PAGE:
Manager a-go-go

Roy Hodgson introduced as the new Liverpool manager

Now that some of the good teams are knocked out of the World Cup, expect a lot of movement in terms of managers in the next few weeks, for both club and country.

Javier Aguirre, Mexico. Aguirre resigned as Mexico manager, falling on his sword and taking responsibility for Mexico’s showing. To a degree, he’s right (it was a stupid decision to go with Oscar Pérez in goal and he had misplaced faith in the obviously overwhelmed Efraín Juárez). At the same time, he’s wrong because Mexico’s expectations were too high. The team that went to South Africa was a 2nd round team (perhaps a quarterfinal team if it played its socks off). That’s the first problem. The second problem was skill level. Mexico is very talented in midfield, especially with Giovanni dos Santos’s improvement over the last year. But the team has no strikers: Guillermo Franco isn’t that good and Carlos Vela isn’t developing (here’s hoping he makes a dos Santos-like breakthrough in the next year or so). When Cuauhtémoc Blano is still seriously considered for national team duty, the cupboard is bare. Mexico needs to develop young players and put its faith in them (Javier Hernández comes to mind), much like Germany has done.

Roy Hodgson, Liverpool. Hodgson left a decent Fulham team for a Liverpool squad in disarray. What he does get is a massive step up in reputation (no matter what I think about Liverpool, it’s one of the biggest clubs in the world). Hodgson is clearly a stop-gap and he might not even have been the first choice (Didier Deschamps reportedly turned Liverpool down). So, one of the biggest clubs in the world hires a middling manager with precious little success on his resume. Fascinating. I think this was a political choice and I hope Hodgson makes the best of it. But when the clear-out comes – and it will come sooner rather than later, what with the owner debt and lack of European competition – Hodgson will be the sacrificial lamb. He should’ve stayed at Fulham.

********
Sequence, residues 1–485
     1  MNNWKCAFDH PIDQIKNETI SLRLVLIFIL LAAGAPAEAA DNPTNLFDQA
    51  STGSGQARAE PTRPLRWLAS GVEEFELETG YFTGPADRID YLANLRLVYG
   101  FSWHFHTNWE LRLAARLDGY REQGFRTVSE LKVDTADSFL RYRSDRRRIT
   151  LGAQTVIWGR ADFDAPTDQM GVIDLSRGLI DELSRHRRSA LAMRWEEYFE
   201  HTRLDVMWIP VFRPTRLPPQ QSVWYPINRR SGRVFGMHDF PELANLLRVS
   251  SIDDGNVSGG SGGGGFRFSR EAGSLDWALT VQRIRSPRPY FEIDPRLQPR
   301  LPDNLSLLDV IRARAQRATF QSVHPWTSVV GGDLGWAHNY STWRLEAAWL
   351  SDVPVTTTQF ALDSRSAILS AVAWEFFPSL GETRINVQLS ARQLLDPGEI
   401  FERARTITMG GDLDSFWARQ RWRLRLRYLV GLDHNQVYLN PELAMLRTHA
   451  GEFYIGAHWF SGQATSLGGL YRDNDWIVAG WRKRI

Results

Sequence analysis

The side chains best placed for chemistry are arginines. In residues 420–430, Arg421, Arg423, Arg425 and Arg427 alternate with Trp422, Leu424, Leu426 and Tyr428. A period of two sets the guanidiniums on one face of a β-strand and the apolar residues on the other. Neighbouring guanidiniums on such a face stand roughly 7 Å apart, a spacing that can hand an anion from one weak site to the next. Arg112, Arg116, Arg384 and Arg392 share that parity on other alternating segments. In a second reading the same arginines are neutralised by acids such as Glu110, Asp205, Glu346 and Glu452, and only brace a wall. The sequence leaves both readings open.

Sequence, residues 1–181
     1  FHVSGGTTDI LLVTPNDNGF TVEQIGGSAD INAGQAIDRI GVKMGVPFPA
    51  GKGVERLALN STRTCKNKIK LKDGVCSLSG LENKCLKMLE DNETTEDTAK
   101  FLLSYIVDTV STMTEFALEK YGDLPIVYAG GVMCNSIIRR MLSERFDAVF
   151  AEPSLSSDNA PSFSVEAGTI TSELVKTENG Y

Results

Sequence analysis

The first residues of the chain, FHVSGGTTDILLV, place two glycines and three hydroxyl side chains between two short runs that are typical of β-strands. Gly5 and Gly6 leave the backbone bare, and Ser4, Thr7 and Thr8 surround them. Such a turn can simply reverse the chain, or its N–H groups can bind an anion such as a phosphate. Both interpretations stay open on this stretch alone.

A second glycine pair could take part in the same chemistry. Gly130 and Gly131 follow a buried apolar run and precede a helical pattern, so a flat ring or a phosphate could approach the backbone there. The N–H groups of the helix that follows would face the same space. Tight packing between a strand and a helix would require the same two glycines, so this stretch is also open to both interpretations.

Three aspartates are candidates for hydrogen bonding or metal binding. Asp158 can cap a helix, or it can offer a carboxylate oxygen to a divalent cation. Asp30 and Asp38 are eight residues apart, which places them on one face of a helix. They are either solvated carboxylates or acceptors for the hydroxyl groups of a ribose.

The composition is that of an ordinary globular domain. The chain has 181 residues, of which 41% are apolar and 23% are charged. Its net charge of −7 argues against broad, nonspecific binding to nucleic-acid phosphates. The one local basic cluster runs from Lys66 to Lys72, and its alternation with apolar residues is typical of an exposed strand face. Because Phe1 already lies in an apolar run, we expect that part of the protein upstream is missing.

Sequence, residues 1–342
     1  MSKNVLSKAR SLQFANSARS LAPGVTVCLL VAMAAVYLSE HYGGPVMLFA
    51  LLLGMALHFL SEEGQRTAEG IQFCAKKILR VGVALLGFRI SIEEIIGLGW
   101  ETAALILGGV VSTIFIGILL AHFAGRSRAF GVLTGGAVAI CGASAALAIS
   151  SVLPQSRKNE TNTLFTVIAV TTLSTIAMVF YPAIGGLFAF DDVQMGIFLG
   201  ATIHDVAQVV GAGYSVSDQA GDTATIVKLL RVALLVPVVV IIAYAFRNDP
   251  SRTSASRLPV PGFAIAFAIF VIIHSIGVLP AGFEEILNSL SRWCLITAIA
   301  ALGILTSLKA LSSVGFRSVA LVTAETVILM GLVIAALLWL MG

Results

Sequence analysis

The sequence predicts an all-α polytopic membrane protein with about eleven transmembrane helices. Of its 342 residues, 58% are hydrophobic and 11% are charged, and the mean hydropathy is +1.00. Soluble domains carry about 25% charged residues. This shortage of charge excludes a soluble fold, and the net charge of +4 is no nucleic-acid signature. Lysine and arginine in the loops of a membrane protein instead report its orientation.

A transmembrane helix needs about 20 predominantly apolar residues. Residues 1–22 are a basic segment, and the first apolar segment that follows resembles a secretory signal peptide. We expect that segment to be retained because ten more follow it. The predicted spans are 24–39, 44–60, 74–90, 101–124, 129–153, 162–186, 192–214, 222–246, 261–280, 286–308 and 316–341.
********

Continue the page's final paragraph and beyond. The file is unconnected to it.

Bob Bradley, United States. Let’s make this clear: Bob Bradley should NOT be fired. Although starting Ricardo Clark was a massive error, Bradley’s system works for the United States, as it’s currently constructed. In short, he gets good results out of sometimes lacking talent (the distressing habit of allowing goals in the first 20 minutes notwithstanding). The bigger problem is that, like Mexico, the US has no go-to striker (if we’re being honest, the two best strikers are midfielders: Landon Donovan and Clint Dempsey). Jozy Altidore has the potential to be very good but he needs to play like he did against Algeria all the time (he was virtually absent against Ghana). Some of that is the coach’s fault. But national team managers are put in a position where they only get to see their players for weeks at a time. It falls on the USSF, MLS, and players to get into situations to maximize their skill development.

Fabio Capello, England. Of course, the English tabloids are calling for his head. They are, if nothing else, predictable. England’s problem is similar to Mexico’s: it fancies itself a world soccer power when, in reality, it’s a middle-of-the-road player capable of extraordinary results once in a while. In fact, according to Soccernomics, England consistently punches above its weight and wins a lot of its matches, except when it counts. England’s problems are twofold: first, it’s a relatively small country, in terms of population (meaning there are fewer players to choose from) and it’s relatively insular in terms of coaching and skills development (the Everton academy is a bit of an exception). Don Fabio helps with both of those by exposing English players to Italian soccer philosophy. Second, the players it develops are all the same. Steven Gerrard and Frank Lampard. Emile Heskey and Wayne Rooney. John Terry, Rio Ferdinand, and Jamie Carragher. Aside from skill level, they’re all basically the same player. And they can’t play together. I think Capello will learn from his mistakes and I think he has the stones to leave some of those players out next time (clearly Gerrard was England’s best player at the World Cup – he should be the captain).

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